What to do: You can’t say you’ve been to Venice if you haven’t taken a ride on a gondola. A bit cheesy? Sure, but it’s cool nonetheless. You also get traditional songs produced live directly from your boat. It made me giggle, for sure, but I don’t regret it one bit. Other things to do include walking along the canals, exploring the countless restaurants and taking a boat ride around the city. The small islands nearby are also worth exploring (and a few hours city tour by boat will take you to them). A notable such island is Murano, where beautiful glass jewelry is made, and the island’s cemetery, where you can visit the tombs of Ezra Pound or Igor Stravinsky.
Getting around: By foot or by boat, just like any charming small Italian town should be explored. If you travel to Venice by air, know that the airport is very close to the old town where everything noteworthy is. It’s about 20 minutes away, by foot.
Milan is known mostly for two things: the shopping district of high fashion, and its amazing Dome. Of course, there are other attractions in the city, too, so don’t limit yourself to these two landmarks.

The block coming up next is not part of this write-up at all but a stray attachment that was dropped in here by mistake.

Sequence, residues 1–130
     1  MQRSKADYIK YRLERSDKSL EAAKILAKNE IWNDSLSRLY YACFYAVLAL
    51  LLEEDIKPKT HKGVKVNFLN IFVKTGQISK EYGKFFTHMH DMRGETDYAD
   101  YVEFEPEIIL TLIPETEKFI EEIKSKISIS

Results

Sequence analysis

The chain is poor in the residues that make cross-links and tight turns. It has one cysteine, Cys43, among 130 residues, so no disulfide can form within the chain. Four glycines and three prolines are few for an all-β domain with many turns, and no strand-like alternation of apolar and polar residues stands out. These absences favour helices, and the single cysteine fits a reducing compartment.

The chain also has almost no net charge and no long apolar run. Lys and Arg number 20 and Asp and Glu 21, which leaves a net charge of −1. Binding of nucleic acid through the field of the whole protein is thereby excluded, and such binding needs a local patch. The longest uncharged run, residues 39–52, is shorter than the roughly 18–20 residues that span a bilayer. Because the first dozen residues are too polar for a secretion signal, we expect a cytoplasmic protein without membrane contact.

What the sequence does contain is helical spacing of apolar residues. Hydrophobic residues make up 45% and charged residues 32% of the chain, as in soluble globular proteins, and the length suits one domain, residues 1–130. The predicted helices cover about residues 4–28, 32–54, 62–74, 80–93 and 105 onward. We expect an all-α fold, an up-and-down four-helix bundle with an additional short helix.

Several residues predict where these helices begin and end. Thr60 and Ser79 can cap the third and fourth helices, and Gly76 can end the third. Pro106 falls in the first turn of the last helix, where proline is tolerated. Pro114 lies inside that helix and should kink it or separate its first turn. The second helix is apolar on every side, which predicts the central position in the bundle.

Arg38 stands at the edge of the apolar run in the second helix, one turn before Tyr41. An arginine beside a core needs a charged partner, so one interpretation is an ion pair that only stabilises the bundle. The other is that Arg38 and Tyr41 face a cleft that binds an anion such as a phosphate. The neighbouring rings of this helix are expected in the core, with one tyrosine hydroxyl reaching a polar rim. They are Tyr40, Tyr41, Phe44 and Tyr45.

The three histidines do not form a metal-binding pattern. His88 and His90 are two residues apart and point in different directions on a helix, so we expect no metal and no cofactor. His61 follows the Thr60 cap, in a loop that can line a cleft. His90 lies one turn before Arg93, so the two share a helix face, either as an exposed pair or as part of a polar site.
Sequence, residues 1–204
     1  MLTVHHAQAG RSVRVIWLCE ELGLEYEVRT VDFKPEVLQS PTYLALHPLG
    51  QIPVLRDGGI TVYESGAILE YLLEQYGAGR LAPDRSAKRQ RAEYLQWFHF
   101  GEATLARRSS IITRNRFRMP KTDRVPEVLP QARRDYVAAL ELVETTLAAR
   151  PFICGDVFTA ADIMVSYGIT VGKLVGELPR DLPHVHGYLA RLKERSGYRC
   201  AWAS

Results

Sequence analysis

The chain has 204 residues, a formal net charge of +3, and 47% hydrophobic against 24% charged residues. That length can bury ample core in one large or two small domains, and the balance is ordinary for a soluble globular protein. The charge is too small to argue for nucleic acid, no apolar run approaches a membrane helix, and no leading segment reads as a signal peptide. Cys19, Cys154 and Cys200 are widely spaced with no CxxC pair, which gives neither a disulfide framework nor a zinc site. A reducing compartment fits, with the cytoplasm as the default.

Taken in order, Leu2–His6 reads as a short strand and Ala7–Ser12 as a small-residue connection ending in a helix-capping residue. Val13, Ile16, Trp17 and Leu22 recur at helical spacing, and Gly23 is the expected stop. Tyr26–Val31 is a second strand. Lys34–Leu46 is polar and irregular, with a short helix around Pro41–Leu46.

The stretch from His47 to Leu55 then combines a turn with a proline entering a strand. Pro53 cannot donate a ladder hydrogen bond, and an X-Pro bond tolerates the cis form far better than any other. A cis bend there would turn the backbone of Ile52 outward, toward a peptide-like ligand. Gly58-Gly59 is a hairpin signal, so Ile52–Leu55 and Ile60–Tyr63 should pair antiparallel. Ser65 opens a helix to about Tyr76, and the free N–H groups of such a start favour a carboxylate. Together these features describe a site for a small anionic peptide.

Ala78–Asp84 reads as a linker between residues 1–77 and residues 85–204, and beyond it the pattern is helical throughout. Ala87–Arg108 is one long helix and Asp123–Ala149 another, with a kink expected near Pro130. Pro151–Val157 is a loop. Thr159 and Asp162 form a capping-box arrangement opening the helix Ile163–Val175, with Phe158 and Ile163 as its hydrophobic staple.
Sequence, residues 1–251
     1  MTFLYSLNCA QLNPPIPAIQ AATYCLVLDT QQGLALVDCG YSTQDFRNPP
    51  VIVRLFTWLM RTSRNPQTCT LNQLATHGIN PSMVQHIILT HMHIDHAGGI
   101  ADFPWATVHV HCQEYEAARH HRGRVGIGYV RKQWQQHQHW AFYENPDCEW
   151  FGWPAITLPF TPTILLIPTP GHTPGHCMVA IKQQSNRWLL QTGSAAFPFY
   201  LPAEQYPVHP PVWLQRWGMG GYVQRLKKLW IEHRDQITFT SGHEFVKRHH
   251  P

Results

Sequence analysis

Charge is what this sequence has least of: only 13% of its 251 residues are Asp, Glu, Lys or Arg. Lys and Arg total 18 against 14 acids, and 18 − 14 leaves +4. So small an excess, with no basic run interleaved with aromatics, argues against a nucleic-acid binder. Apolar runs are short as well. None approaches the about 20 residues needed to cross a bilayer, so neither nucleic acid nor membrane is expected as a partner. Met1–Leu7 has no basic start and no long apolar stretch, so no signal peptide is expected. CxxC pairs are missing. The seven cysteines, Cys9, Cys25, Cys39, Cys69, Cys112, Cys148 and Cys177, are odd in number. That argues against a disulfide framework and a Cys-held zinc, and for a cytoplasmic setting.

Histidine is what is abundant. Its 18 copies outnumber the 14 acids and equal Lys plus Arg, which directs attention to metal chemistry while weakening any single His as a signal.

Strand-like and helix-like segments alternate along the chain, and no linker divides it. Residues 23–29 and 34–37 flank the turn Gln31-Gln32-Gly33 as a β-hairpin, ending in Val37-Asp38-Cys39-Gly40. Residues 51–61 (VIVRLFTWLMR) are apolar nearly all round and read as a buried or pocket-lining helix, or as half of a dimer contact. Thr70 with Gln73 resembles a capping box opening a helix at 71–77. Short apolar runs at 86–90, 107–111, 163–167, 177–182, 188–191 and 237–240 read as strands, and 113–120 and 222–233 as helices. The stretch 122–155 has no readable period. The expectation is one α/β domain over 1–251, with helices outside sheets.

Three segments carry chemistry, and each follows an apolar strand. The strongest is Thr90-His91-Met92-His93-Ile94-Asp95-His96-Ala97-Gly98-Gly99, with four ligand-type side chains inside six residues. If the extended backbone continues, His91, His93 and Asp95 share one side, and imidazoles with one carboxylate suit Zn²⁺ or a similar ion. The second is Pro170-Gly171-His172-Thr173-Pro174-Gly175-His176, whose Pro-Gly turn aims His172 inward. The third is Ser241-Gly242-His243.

What to see: The dome is something you should explore carefully, preferably in more than a day. I don’t mean to get all geeky, but if you like art and history of art, it will never cease to fascinate you. The underground chambers of the dome are basically a museum of the life of medieval sculptors, where they did their apprenticeships, how their art and craft evolved and so on. The top of the dome provides a spectacular view, too. While in Milan, also be sure to visit the Sforza palace and the La Scala opera house.
What to do: Gelato, gelato and more gelato! Milan is the capital of fashion perhaps, but it’s also one of good ice cream. Indulge in the local shops and do try the local pizza, too; they make it here in a slightly different fashion from how pizza is made in the rest of Italy. If you have the chance to buy tickets in advance, go to a performance at the opera. You will never forget it.